He’s setting the world right again – one ‘saury’ at a time.
This wisdom is brought to you by a wise six year-old boy and a dog named Jasmine.
Jasmine is the beloved pet of dear friends. She takes all of our time back in 2004 to pause and witness something.
Behind Jasmine is Jenn, the now mother of the wise six year-old who echoed Jasmine’s wisdom. “Don’t rush your time,” he stated to his mom who was in obvious need of coaching whilst drawing a wolf.
I too was along for the lesson back in 2004. I followed Jasmine’s lead, paused, and caught the moment. I suppose we all can use a little reminding of what we can capture when we don’t rush our time.
Oh my God. This one is making me blush. Who wrote this? Leonard Cohen, is that you?
This is inspired by the tall Tim Hortons guy with all those teeth and that bike guy.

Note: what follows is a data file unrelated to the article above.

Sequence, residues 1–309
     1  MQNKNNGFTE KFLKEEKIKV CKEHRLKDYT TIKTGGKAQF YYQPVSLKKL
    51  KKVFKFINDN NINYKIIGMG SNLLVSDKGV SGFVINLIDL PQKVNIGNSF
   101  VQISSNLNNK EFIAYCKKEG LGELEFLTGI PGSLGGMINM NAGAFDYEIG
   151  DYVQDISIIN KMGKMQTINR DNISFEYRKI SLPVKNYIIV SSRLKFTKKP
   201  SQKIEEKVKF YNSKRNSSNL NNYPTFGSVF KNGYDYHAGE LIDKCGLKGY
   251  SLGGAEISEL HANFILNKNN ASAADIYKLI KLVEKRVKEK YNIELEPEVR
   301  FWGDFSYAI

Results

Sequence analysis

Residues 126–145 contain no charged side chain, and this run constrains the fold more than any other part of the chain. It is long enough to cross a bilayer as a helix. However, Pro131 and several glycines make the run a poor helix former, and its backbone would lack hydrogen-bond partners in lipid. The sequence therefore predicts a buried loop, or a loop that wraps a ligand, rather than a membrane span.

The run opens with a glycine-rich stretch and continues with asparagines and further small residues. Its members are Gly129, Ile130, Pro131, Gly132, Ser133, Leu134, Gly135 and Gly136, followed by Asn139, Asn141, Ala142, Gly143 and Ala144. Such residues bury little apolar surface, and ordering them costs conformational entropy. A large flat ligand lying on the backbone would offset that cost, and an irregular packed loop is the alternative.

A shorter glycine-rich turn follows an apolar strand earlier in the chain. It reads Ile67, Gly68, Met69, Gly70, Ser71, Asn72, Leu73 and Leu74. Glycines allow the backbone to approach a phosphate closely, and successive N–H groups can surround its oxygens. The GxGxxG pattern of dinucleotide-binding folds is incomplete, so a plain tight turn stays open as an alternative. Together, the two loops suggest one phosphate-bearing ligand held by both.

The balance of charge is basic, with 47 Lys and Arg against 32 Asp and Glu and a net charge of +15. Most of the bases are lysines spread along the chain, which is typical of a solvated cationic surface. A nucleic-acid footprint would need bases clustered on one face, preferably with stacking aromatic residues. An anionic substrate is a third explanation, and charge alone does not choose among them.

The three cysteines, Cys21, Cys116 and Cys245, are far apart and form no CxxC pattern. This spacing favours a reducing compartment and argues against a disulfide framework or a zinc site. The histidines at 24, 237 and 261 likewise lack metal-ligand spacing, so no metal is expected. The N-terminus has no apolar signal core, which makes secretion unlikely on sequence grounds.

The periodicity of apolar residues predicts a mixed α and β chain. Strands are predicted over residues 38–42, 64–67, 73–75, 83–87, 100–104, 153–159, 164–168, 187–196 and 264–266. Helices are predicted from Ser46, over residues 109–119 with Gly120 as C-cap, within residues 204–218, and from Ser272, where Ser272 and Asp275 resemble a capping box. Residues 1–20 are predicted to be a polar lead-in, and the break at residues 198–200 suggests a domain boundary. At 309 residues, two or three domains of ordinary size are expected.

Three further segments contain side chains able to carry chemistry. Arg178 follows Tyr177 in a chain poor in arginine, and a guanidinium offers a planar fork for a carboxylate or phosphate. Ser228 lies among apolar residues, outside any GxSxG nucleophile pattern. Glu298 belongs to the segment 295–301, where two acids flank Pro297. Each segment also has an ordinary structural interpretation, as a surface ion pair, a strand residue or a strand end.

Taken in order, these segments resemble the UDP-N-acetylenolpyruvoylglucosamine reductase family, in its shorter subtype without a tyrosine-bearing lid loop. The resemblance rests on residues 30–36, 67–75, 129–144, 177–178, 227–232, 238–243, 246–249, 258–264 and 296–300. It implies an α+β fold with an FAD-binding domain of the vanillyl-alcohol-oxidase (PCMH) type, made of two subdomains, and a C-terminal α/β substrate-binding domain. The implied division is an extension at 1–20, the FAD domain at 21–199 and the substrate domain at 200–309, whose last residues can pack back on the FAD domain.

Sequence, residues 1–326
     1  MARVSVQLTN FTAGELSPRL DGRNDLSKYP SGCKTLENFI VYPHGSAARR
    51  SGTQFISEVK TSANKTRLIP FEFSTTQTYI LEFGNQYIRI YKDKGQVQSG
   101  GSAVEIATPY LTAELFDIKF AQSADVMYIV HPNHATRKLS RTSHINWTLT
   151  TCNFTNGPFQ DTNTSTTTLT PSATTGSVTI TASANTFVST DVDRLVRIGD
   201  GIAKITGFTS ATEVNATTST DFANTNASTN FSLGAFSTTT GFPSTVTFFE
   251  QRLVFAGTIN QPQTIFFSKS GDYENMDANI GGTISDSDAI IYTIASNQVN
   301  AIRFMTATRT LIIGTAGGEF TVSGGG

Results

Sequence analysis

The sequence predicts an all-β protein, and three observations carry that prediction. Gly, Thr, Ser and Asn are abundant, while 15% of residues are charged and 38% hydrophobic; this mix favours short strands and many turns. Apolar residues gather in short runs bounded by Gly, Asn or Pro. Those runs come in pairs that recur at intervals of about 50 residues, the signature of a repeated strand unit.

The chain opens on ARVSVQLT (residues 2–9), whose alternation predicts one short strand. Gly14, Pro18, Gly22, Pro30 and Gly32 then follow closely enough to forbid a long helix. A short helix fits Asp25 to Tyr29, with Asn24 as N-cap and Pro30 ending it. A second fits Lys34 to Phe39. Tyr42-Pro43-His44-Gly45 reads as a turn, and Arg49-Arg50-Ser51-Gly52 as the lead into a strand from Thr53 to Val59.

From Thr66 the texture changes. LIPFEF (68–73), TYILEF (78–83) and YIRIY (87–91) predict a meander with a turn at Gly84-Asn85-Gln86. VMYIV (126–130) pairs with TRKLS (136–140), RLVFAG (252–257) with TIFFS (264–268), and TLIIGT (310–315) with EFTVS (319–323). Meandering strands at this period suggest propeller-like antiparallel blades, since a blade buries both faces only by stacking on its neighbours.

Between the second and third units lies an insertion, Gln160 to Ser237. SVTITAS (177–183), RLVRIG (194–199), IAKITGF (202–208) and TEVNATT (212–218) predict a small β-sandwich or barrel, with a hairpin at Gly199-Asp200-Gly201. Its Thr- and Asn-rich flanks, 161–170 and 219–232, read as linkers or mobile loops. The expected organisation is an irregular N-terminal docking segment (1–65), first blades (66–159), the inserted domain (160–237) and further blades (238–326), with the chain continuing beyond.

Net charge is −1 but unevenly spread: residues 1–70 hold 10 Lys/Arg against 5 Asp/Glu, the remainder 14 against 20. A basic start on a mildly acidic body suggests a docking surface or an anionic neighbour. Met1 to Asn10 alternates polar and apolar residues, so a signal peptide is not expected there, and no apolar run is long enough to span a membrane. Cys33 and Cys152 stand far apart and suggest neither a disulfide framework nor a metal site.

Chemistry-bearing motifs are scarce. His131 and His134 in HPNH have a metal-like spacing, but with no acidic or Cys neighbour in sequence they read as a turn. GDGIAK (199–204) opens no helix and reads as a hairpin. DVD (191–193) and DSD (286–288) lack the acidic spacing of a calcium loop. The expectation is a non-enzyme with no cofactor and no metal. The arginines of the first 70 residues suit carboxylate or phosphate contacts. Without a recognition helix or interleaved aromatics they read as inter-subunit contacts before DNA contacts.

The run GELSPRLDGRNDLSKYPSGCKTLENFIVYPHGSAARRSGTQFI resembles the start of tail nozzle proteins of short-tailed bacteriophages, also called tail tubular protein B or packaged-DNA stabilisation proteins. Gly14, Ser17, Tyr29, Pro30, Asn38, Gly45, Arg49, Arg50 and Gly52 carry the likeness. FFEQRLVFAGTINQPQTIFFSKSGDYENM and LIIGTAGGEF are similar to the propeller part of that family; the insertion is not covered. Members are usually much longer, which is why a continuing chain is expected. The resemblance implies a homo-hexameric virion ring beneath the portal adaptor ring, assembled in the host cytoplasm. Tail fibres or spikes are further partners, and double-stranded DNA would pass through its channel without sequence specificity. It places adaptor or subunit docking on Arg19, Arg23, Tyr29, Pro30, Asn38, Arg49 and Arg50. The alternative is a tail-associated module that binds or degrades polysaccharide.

Photo taken in Grimsby Ontario in 1997-ish. I’d often come to the shore after work and sit on some driftwood and watch the waves roll in.
This is a dock in Bobcaygeon Ontario. I’m sure it was taken in 2006 while on my way west chasing adventure. A friend had already driven out and asked me to do the same. “Come out for the summer, what could it hurt?”. With no real plan and no real trust in magic, I went.
Ten years later, I have piles of evidence of magic in my life.
Take that leap – or at least look over the edge of your life because there you will begin to see the hidden workings of this this thing I like to call magic. Don’t let its dark, inky blackness fool you. It has ways of taking you away from your shore to discover wonderful people, places, and ideas.
Do I trust magic now? Mostly. I’m almost there. Never have I before leaned on it as hard as I do now.
These lines on my face, speaking my secret stories, giving me away.
Do these lines make my life look awesome?
We are given our original face from our parents and begin to live our life all the while leaving lines on our face. These serve as the memories of our experiences; these lines speak our stories. Where these lines appear and how deep they are is up to us. Surprise, anger, joy, grief, concentration, disappointment, tension all find a place on our face.